Equitable distribution doesn’t always mean equal distribution

On Behalf of | Nov 13, 2017 | Blog |

If you are facing divorce, you likely have various concerns about what your life will look like after the process is complete. You also know that your post-divorce future hinges on the terms of your final divorce settlement, namely your property division order. It is useful to understand more about how Florida courts address marital property during a divorce. 

Florida is an equitable distribution state, which means that, if the court decides how property division will work, each party will get an equitable share of marital property. However, that does not mean that everything will be 50-50. The court will aim to be fair and reasonable, but you would be wise to know how to protect your rights and interests.

How does equitable division work?

In the equitable division process, property jointly owned by the couple will be subject to fair distribution between the two parties. This does not pertain to separate property, and what qualifies as fair is up to the discretion of the court. Of course, disputes can arise, and you can contest your spouse’s claim to certain things. You would be wise to remember that equitable does not always mean an equal split of all assets.

Property division is one of the most hotly contested issues in many divorces. Parties have a right to concern with their financial well-being after divorce, and the difficult emotions that come with the end of a marriage can make this process complex. Consider the following to help you better understand equitable division:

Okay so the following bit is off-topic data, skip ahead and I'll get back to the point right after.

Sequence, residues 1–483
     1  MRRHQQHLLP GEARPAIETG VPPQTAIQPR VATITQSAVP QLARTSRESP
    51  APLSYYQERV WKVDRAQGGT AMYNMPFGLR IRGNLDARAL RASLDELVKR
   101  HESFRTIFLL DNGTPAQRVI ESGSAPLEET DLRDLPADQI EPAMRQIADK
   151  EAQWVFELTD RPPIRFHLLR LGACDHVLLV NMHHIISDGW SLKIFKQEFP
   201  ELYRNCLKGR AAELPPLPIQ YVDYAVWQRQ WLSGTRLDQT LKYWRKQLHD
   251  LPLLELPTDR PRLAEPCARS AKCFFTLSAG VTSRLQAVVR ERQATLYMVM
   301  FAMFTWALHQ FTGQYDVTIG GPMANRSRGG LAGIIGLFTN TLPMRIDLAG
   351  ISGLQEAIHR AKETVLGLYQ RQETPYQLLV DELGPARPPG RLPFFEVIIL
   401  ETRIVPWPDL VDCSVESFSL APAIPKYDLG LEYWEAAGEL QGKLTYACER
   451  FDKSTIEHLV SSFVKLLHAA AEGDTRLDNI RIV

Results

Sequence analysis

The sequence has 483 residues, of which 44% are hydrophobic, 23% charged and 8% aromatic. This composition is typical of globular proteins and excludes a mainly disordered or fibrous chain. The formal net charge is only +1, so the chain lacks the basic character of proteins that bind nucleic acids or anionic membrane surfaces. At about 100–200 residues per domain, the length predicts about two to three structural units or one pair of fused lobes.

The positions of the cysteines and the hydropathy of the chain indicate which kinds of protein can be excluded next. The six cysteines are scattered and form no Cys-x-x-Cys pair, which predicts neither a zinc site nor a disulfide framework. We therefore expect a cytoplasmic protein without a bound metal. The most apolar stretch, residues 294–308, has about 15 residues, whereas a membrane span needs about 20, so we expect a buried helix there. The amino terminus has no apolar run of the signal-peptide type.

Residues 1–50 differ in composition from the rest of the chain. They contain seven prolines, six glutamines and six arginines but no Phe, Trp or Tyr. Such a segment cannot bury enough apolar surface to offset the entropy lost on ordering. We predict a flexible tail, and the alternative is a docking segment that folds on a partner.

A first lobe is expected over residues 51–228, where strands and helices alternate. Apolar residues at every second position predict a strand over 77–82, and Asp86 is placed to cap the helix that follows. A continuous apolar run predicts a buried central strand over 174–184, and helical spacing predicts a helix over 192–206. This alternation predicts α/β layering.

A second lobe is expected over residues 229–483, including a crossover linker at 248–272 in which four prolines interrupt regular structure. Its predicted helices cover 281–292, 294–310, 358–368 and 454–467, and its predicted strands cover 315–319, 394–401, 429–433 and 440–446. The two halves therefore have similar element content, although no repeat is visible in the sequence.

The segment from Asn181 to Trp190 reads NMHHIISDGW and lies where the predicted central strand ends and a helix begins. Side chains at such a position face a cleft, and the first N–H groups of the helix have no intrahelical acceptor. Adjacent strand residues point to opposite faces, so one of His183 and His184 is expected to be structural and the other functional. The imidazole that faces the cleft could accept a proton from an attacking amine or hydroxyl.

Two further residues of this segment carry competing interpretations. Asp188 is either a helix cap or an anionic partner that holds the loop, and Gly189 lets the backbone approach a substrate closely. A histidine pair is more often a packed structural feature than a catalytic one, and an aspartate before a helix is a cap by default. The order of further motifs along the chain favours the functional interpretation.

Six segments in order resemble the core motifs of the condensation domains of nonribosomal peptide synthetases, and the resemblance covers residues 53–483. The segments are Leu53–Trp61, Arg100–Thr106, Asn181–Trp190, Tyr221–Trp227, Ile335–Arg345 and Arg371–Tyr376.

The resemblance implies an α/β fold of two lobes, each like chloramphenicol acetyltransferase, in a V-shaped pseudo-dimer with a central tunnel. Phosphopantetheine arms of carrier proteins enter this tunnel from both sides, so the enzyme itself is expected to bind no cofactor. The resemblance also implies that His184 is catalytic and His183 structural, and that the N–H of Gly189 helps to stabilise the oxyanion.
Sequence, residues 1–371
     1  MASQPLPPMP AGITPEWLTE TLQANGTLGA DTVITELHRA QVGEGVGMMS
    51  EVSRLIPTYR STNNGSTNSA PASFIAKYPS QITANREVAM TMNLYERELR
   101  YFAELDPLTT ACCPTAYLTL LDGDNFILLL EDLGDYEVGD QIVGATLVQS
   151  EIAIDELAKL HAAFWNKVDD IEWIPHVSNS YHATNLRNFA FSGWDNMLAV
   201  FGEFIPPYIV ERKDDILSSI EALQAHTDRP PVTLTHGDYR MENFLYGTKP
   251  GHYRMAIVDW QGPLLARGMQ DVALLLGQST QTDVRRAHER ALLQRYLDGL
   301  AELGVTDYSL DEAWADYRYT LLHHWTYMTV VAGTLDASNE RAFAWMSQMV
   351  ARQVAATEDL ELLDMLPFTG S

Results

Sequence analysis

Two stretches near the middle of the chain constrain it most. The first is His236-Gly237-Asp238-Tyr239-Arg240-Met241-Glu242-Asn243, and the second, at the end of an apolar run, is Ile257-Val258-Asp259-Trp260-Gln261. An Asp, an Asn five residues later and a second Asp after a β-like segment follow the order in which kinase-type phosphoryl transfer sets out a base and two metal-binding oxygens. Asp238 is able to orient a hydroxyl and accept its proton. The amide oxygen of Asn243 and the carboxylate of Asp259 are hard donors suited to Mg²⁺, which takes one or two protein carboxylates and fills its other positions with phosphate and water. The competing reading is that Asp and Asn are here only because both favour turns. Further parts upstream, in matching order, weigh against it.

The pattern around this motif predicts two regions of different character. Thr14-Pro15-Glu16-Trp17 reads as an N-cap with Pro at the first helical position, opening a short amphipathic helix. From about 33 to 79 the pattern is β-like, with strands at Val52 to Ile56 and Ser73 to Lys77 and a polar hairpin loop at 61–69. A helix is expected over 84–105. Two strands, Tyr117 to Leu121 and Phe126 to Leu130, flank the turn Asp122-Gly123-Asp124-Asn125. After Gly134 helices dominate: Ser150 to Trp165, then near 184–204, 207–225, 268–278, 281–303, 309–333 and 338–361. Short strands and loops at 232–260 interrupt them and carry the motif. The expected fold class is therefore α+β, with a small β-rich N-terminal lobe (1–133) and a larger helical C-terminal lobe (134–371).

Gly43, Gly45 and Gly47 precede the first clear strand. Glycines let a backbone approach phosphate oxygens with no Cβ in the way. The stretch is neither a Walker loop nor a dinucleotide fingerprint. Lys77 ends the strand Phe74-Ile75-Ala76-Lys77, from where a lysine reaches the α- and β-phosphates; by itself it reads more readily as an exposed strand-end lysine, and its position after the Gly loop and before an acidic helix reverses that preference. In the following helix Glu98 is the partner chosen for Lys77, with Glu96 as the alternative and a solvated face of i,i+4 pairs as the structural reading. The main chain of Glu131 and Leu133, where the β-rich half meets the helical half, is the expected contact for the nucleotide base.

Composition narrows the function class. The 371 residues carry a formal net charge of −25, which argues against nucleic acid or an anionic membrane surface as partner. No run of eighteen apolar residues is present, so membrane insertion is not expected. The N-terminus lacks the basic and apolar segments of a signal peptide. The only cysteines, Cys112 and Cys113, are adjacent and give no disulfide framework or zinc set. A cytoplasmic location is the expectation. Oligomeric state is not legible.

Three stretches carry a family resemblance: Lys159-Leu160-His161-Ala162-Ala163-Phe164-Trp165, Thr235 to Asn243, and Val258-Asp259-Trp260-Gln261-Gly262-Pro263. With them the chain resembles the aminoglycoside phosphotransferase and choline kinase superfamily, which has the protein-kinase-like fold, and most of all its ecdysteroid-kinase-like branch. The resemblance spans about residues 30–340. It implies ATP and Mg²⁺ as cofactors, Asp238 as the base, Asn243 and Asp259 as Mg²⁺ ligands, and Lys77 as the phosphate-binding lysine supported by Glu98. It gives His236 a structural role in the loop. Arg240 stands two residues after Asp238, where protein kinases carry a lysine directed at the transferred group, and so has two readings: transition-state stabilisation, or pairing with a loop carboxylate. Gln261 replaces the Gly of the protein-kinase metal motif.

• All assets acquired and all money earned during the marriage is marital property, which is eligible for division.
  • If you received a gift during your marriage, it also qualifies as marital property.
  • Retirement accounts and long-term savings plans qualify as marital property.

You likely have concerns about specific financial issues and certain assets. One of the best ways to get a complete picture of your right to marital property and your financial future after divorce is to seek a complete evaluation of your case.

You have the right to decide

Of course, having a court decide what property division will be like for you is never your only option. You and your soon-to-be ex-spouse can work together to come to an agreement on property division that is beneficial, workable and sustainable.

If you would like to know more about your options or how you can protect yourself during divorce, you have no time to lose in seeking experienced guidance from the very beginning of the process. There is much at stake, but you do not have to face it alone.